Ken Burns’s seven-part, 14-hour documentary weaves the stories of Theodore, Franklin and Eleanor Roosevelt, three members of one of the most prominent and influential families in American politics. The series marks the first time their individual stories have been woven into a single narrative. Sunday-Saturday, September 14-20, 8:00 p.m. ET, encores at 10:00 p.m. ET
“The Roosevelts have played significant roles in other stories we’ve told before, from the National Parks to World War II,” said Burns. “It’s impossible, in fact, to visit many parts of the American experience without encountering their presence. But beyond simply sharing a bloodline or political success, they each shared a passionate belief that America is at its strongest when everyone has an equal chance. And on a personal level, they each struggled to overcome their own fears while maintaining a public face of courage.”
The Roosevelts: An Intimate History was produced with support from a grant from the National Endowment for the Humanities (NEH). The series follows the family’s story for more than a century, from Theodore’s birth in 1858 to Eleanor’s death in 1962. Over the course of those years, Theodore would become the 26th president of the United States, and his beloved niece, Eleanor, would marry his fifth cousin, Franklin, who became the 32nd president. Together, they redefined the relationship Americans had with their government and with each other, and redefined, as well, the role of the United States within the wider world. The series encompasses all the history the Roosevelts helped to make — the creation of National Parks and the digging of the Panama Canal, the New Deal and the defeat of Hitler, and the postwar struggles for civil rights at home and human rights around the world in which Eleanor Roosevelt played a central role. But it is also an intimate human story about love and betrayal, family feeling and personal courage and the conquest of fear.
Legendary actress Meryl Streep portrays Eleanor Roosevelt in readings from her personal letters and writings. Joining Streep are Paul Giamatti as the voice of Theodore Roosevelt and Edward Herrmann, two-time Emmy Award nominee for his performance as Franklin Roosevelt, as the voice of FDR. Rounding out the cast are Patricia Clarkson, Adam Arkin, Philip Bosco, Keith Carradine, Kevin Conway, Ed Harris, John Lithgow, Josh Lucas, Carl Lumbly, Amy Madigan, Carolyn McCormick, Pamela Reed, Billy Bob Thornton and Eli Wallach.
The Roosevelts: An Intimate History is a production of Florentine Films and WETA, Washington, DC.
Young Theodore Roosevelt transforms himself into a vigorous champion of the strenuous life and later becomes the youngest president in American history at 42. Franklin Delano Roosevelt follows his older cousin’s career and begins to think he might one day follow in his footsteps. Sunday, September 14, 8:00 p.m. ET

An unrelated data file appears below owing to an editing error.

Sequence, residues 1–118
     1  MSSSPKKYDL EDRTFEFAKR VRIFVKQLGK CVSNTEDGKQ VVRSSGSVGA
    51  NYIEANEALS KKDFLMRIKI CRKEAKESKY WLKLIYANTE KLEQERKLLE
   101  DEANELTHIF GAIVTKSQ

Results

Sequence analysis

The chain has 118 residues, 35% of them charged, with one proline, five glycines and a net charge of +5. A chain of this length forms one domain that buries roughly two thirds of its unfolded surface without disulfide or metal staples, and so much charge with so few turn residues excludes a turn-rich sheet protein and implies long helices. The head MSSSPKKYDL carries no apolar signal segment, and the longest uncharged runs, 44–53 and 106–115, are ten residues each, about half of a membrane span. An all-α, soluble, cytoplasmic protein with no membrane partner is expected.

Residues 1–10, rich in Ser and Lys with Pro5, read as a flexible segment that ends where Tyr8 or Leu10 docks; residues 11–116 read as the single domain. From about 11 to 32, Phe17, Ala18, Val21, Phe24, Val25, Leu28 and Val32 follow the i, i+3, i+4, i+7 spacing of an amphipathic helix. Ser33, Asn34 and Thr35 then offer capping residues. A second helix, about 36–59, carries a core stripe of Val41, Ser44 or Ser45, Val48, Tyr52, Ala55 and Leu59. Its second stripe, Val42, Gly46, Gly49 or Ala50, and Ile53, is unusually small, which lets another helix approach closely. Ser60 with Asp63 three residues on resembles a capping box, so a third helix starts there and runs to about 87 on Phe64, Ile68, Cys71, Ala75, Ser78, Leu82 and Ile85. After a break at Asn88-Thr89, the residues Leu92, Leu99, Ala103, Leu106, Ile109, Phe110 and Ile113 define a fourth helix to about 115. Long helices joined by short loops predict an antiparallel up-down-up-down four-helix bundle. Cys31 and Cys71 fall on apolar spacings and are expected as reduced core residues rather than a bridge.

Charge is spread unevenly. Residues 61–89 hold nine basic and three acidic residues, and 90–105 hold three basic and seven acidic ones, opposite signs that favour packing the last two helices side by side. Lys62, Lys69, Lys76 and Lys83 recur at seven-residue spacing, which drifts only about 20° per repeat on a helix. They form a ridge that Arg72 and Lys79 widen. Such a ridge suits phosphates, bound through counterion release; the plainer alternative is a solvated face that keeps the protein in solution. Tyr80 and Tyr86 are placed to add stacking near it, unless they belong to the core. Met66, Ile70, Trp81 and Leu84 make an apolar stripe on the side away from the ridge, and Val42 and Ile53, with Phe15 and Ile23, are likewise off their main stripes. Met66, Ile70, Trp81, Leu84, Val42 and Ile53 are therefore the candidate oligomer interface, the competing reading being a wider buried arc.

President Theodore Roosevelt battles corporate greed, builds the Panama Canal and preserves American wilderness. FDR marries Eleanor Roosevelt, the daughter of Theodore’s brother, Elliott, and they begin a family. Offered a chance to run for the New York State senate, Franklin jumps at the chance. Monday, September 15, 8:00 p.m. ET
Theodore Roosevelt leads a Progressive crusade that splits his own party, undertakes an expedition into the South American jungle, campaigns for American entry into WWI – and pays a terrible personal price. Franklin masters wartime Washington as Assistant Secretary of the Navy, while Eleanor engages in war work. Teddy’s death provides Franklin with a golden opportunity. Tuesday, September 16, 8:00 p.m. ET
Franklin Roosevelt runs for vice president in 1920. Stricken with polio, he spends seven years struggling without success to walk again, while Eleanor builds a personal and political life of her own. FDR returns to politics in 1928 and, as governor of New York, acts with such vigor and imagination during the first years of the Great Depression that the Democrats nominate him for president in 1932. Wednesday, September 17, 8:00 p.m. ET
Aimed at ending the Depression, FDR’s sweeping New Deal restores the people’s self-confidence and transforms the relationship between them and their government. Eleanor rejects the traditional role of first lady and becomes a sometimes controversial political force. As the decade ends, FDR questions whether to run for an unprecedented third term and how to deal with the rise of Hitler. Thursday, September 18, 8:00 p.m. ET
FDR shatters the third-term tradition, struggles to prepare the country to enter World War II and after Pearl Harbor, helps set the course toward Allied victory. Meanwhile, Eleanor struggles to keep New Deal reforms alive in wartime and travels the Pacific to comfort wounded servicemen. FDR runs for a fourth term. Friday, September 19, 8:00 p.m. ET
Frail and failing but determined to see the war through to victory, FDR wins re-election and begins planning for a peaceful postwar world, but a cerebral hemorrhage kills him at 63. After his death, Eleanor proves herself a shrewd politician and a skilled negotiator, as well as a champion of civil rights, civil liberties and the United Nations. When she dies in 1962, she is widely mourned. Saturday, September 20, 8:00 p.m. ET